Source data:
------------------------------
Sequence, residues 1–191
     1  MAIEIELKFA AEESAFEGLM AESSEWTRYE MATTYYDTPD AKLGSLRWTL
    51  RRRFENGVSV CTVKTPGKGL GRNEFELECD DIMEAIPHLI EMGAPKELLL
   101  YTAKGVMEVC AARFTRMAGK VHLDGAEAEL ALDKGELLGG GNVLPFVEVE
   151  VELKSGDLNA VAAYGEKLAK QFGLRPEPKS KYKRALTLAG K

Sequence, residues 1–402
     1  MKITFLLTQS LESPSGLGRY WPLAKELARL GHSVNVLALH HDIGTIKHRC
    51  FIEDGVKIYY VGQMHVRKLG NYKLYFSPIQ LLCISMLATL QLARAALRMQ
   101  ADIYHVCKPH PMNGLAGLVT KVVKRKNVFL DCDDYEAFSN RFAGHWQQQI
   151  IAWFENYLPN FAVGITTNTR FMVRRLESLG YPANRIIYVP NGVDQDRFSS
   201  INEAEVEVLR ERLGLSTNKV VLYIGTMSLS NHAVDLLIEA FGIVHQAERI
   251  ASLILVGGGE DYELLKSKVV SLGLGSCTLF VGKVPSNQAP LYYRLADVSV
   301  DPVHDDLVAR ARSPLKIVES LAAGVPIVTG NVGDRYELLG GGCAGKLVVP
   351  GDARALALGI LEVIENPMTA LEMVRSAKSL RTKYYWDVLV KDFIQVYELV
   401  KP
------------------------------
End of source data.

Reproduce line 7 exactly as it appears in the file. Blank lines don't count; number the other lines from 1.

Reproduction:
     1  MKITFLLTQS LESPSGLGRY WPLAKELARL GHSVNVLALH HDIGTIKHRC